Friday, 19 September 2008

A Wake Up Call For Small Business

By a quirk of good timing (not sure that is the right expression but...) I found myself attending two events yesterday against the backdrop of the firestorm that has raged through the global banking system.

At the first John Moulton, who I have quoted (or rather deliberately misquoted!) here before, was the keynote speaker. At the second: Richard Lambert, Director General of the CBI.

Mr Moulton gave some sage advice: A downturn is happening. It WILL affect your business. You will have bad debts. Margins will be under pressure. The waters will be very choppy indeed. You need to have a grip. You need good real time financial figures for your business. You need to keep debtors where you can see them and act decisively in dealing will wayward payers.

He listed a barrage of things that businesses need to now be doing in a less easy rolling environment.

Every one of them mirrored the themes that I have repeatedly covered here: See the list of posts on the right. Start with this one or this one. I didn't learn anything I didn't already know.


I guess the history of Severn Delta has been such that we are very familiar with how to manage our business in tough times because as a UK consumer goods manufacturer times have been tough more often than not. Hence Mr Moutlon pretty much described how we run our business as how you should run your business, not just in troubled times but all the time.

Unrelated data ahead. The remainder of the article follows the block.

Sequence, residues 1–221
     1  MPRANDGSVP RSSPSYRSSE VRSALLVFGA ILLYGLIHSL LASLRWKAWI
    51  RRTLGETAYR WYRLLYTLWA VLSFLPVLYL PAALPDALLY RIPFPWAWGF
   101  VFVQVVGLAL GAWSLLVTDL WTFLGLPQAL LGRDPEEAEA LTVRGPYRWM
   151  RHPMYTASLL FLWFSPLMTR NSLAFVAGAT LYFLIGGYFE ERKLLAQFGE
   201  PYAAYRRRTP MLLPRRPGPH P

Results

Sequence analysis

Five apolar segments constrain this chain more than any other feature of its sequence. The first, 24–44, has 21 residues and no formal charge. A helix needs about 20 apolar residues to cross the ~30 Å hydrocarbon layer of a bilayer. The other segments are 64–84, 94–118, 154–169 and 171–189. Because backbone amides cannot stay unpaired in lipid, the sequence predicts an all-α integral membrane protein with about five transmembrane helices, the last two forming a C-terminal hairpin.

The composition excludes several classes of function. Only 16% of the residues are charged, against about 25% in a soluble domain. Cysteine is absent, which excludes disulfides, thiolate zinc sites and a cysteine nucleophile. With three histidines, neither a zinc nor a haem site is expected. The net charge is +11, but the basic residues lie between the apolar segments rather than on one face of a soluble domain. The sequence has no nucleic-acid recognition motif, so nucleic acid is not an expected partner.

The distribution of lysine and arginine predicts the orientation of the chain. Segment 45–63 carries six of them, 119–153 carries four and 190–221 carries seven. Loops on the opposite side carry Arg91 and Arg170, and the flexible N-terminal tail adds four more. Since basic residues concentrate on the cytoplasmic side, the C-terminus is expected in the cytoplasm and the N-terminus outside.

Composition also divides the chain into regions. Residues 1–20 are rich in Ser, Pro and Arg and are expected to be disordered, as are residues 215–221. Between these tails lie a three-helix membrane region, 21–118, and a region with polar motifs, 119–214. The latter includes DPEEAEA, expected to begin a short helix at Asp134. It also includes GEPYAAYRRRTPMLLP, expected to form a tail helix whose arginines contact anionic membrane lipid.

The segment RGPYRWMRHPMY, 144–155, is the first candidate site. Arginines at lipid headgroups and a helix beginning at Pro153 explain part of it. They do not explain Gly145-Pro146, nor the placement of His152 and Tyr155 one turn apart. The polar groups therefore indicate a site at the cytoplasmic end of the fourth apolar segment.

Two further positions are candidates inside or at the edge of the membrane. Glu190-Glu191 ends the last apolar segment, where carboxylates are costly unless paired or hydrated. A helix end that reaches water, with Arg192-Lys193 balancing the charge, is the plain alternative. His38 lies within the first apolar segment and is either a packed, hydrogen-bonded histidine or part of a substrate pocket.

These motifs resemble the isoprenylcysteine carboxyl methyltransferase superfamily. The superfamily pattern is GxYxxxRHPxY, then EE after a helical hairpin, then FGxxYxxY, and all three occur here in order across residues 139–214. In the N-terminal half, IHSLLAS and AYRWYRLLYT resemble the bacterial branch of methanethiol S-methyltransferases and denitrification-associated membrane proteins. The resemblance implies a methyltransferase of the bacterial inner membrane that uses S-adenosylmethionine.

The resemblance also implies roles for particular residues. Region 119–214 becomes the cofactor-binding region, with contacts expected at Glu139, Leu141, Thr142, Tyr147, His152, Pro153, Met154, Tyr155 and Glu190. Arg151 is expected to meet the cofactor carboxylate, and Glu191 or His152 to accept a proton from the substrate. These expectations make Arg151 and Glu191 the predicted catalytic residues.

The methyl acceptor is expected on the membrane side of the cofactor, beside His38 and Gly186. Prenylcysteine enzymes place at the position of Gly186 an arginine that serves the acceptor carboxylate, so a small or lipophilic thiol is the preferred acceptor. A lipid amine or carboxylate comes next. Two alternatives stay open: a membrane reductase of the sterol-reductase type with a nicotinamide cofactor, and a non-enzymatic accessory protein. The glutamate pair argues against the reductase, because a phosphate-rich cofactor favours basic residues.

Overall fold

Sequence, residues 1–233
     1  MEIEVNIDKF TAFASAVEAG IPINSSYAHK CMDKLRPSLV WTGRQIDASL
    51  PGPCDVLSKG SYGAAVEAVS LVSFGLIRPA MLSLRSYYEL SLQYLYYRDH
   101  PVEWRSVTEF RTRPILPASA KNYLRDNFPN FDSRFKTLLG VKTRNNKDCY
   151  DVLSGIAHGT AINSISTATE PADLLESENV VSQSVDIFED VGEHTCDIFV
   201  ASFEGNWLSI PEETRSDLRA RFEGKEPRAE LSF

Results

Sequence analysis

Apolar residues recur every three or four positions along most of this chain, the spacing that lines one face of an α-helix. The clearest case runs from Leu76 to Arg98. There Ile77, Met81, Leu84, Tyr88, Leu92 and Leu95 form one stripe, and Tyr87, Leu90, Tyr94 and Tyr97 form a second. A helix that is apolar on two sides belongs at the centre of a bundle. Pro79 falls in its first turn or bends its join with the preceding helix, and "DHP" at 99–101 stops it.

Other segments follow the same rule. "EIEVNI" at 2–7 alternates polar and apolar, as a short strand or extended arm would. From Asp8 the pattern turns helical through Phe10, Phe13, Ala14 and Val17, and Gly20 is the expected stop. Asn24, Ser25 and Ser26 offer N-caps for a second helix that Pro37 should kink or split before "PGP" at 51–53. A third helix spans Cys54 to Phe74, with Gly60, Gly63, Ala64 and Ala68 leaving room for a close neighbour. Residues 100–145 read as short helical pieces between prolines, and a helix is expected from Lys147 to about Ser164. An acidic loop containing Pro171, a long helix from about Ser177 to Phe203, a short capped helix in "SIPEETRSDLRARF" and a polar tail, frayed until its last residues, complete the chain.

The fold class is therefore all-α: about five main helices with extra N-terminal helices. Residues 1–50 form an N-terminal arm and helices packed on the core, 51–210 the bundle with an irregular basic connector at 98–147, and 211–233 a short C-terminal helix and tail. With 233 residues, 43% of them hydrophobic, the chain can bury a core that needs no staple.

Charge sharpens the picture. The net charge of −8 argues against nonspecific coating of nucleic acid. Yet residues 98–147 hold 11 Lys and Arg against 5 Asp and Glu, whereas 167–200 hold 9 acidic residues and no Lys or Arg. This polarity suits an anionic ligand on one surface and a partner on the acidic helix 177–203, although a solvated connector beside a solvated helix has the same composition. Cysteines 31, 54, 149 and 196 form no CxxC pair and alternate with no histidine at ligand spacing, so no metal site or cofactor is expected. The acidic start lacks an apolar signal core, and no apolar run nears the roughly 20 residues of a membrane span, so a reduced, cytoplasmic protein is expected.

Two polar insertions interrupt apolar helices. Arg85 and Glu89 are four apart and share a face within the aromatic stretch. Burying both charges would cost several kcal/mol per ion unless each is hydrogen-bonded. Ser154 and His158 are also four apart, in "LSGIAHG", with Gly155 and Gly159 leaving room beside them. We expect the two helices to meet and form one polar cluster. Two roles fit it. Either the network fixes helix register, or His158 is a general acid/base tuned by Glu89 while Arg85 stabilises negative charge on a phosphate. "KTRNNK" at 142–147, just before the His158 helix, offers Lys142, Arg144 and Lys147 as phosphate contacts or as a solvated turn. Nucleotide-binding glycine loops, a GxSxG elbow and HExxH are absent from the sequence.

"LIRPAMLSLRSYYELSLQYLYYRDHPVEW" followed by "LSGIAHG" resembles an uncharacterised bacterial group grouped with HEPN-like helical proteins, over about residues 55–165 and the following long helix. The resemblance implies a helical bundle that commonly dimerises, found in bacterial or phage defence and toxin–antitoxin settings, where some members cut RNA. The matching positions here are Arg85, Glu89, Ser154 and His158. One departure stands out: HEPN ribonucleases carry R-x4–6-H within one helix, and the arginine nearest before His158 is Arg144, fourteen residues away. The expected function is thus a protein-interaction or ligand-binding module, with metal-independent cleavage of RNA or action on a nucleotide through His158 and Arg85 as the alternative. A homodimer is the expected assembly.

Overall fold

The strongest message was of course the importance of good cash management. CASH is not only KING right now it is god and emperor all mighty because it is suddenly in shorter supply. He emphasised the growing importance of good management systems and information in how banks and investors judge businesses. The better the systems, the better the IT, the better the information: the higher the confidence levels.

Ignore this at your peril.

This first event was in London. So after a brief sortie into Covent Garden en route to Paddington I returned to Bristol for the annual CBI dinner as a guest of HSBC.

Much of the discussion at our table over dinner was about the importance of good Management Information even in small businesses. An example of a c. £1m turnover business unable to provide any information less than three months out of date.

Let me be clear: If this is how you run your business you need to change and you need to change FAST. You may have got away with this during the easy rolling years of constant growth.

No more.

The world has changed this week. You need to know what is happening financially to your business in real time. You should know this anyway. Put it right. Or the moment things get tough and you need a bit of slack from the bank or your backers you will be in trouble.

And the next time you get a renewal agreement or offer letter it will have as a condition that good, regular management information will be provided. It was probably there in the past but not made too big a deal of. Expect that to change. If they say they want it you may well have your facilities withdrawn if you don't provide it.

As for Richard Lambert, having spoken to businesses across all sectors up and down the country, he was cautiously optimistic. Glass half full. He said. Keep your heads.

My advice: If you want you glass to stay half full pay attention to my words.